Cusips are relied upon globally to capture the attributes of debt and equity offerings, and are used to identify and track financial instruments, linking them to the underlying issuing or borrowing entity.

The new CEI for corporate loan holders introduces an entity-level ID that will follow each legal entity participating in the syndicated loan and private credit markets.

Lee Shaiman, executive director of the LSTA, stated in August: “To move the industry forward, we really needed to develop trusted, reliable reference data standards that can be used to take the guesswork out of key administrative and risk-management functions.”

But if loans look like securities, if they sound like securities and trade like securities, shouldn’t they be regulated like securities?

Troubling questions

If they were, that would raise a lot of troubling questions for the leading bank arrangers of large syndicated loans, for other lenders and for borrowers.

Would borrowers have to register a coming syndicated loan ahead of time, and disclose the same kind of information on their underlying financials that the lead banks have access to, to the broader loan market?

Would loan arrangers and borrowers be subject to legal challenge if they omitted from offering circulars on a syndicated loan any key information that might be reasonably expected to impact their credit fundamentals and so, potentially, the future traded price of a loan?

Might loan arrangers with access to privileged non-public information on a borrower be forbidden from trading in its loans? Could there be one rule on this for a bank trading a loan on its own account as principal, but another if it was facilitating customer business for a smaller bank or a non-bank lender?

Would loan traders need to register as broker-dealers with the Securities and Exchange Commission? Would private credit funds have to as well?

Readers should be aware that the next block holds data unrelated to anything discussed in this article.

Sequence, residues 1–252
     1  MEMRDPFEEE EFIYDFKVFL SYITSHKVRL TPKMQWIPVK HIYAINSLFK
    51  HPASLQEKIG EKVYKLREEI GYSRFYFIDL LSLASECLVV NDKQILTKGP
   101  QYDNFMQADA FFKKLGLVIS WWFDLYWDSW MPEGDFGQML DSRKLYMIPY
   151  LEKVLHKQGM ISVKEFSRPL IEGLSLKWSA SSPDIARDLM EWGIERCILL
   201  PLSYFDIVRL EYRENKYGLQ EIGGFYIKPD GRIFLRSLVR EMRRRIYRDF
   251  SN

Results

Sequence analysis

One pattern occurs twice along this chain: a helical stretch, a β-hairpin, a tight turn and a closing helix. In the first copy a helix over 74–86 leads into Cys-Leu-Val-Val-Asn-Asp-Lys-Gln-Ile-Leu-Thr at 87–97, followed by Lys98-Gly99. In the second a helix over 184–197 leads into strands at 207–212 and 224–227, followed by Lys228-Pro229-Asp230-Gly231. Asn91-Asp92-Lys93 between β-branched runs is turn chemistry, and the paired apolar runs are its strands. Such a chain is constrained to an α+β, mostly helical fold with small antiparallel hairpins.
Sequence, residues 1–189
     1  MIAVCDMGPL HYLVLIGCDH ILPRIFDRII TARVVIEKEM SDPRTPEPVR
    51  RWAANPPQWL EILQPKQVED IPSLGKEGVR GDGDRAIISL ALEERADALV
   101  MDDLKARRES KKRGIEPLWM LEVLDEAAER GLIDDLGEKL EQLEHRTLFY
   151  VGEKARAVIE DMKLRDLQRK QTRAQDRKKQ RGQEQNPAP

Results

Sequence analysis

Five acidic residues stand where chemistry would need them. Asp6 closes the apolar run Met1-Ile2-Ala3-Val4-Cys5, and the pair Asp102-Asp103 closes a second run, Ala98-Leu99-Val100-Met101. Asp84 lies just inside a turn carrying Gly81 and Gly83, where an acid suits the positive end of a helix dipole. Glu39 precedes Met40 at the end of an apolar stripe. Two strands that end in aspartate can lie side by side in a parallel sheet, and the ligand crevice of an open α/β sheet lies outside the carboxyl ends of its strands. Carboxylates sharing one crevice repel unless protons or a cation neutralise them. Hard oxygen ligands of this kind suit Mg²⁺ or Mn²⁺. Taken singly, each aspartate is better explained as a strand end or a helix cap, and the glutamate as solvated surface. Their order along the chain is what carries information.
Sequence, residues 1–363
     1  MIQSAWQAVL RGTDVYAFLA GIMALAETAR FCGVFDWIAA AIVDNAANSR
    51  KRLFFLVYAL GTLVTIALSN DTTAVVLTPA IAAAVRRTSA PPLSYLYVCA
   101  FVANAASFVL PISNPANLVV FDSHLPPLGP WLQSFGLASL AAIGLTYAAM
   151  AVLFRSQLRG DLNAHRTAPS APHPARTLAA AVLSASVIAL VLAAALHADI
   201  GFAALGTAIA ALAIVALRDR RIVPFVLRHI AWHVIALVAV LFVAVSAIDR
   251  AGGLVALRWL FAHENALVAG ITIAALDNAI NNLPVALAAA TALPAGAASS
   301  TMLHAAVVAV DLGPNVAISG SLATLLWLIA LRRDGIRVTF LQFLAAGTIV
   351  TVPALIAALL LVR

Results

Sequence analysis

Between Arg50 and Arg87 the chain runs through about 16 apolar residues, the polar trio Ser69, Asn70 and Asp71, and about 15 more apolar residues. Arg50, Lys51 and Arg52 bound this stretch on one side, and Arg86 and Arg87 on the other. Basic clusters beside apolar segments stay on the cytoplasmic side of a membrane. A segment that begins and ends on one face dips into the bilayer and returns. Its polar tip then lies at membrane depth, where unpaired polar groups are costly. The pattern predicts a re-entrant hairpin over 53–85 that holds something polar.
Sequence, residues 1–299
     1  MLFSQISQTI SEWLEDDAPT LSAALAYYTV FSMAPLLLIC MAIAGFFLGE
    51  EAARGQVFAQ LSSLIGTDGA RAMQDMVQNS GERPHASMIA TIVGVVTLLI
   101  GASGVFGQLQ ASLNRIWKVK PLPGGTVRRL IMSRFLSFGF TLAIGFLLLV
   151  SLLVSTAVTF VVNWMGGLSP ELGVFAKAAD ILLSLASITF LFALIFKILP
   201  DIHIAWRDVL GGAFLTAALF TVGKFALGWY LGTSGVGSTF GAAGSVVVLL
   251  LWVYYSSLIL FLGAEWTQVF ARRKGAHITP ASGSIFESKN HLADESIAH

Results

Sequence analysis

While agent banks, lenders and even borrowers may all relish a modern, digital trading infrastructure that promises new efficiency and hopefully greater liquidity and depth to the secondary loan market, none of them want to wrestle with any those questions.

The Kirschner case

They may never have to, or at least not for some time yet.

You don’t have to travel far in the syndicated loan market to find someone with a strong opinion on the Kirschner case, although you could search for ever for someone willing to discuss it on the record.

In April 2014, a laboratory services company called Millennium Health completed a leveraged dividend recapitalization and refinancing, funded mostly from a $1.775 billion term loan. This was marketed to institutional investors even while a government investigation and civil lawsuit were pending against the company.

When both went against Millennium, it filed for bankruptcy in 2015.

As part of the Chapter 11 proceedings, Marc Kirschner, trustee of the Millennium Lenders Claim Trust, alleged that the loan arrangers had failed to provide creditors with adequate information, particularly on the investigation into the company by the Department of Justice – which eventually required it to pay a substantial settlement – and that they had a duty to do so because the term loans were essentially securities.

Kirschner v. JP Morgan Chase Bank N.A., et al became the key test case for the future of an entire asset class.